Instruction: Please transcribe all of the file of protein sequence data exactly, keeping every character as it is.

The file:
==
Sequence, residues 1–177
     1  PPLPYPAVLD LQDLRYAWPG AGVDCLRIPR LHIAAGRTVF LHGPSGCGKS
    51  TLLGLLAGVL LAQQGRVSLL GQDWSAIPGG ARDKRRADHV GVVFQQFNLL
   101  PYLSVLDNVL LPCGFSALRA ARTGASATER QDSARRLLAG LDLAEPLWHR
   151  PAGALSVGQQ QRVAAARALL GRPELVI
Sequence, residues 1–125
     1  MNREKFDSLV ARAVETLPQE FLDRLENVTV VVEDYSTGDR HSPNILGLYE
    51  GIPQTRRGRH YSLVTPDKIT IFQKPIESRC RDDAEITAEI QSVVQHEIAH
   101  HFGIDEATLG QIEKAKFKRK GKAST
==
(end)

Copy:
Sequence, residues 1–177
     1  PPLPYPAVLD LQDLRYAWPG AGVDCLRIPR LHIAAGRTVF LHGPSGCGKS
    51  TLLGLLAGVL LAQQGRVSLL GQDWSAIPGG ARDKRRADHV GVVFQQFNLL
   101  PYLSVLDNVL LPCGFSALRA ARTGASATER QDSARRLLAG LDLAEPLWHR
   151  PAGALSVGQQ QRVAAARALL GRPELVI
Sequence, residues 1–125
     1  MNREKFDSLV ARAVETLPQE FLDRLENVTV VVEDYSTGDR HSPNILGLYE
    51  GIPQTRRGRH YSLVTPDKIT IFQKPIESRC RDDAEITAEI QSVVQHEIAH
   101  HFGIDEATLG QIEKAKFKRK GKAST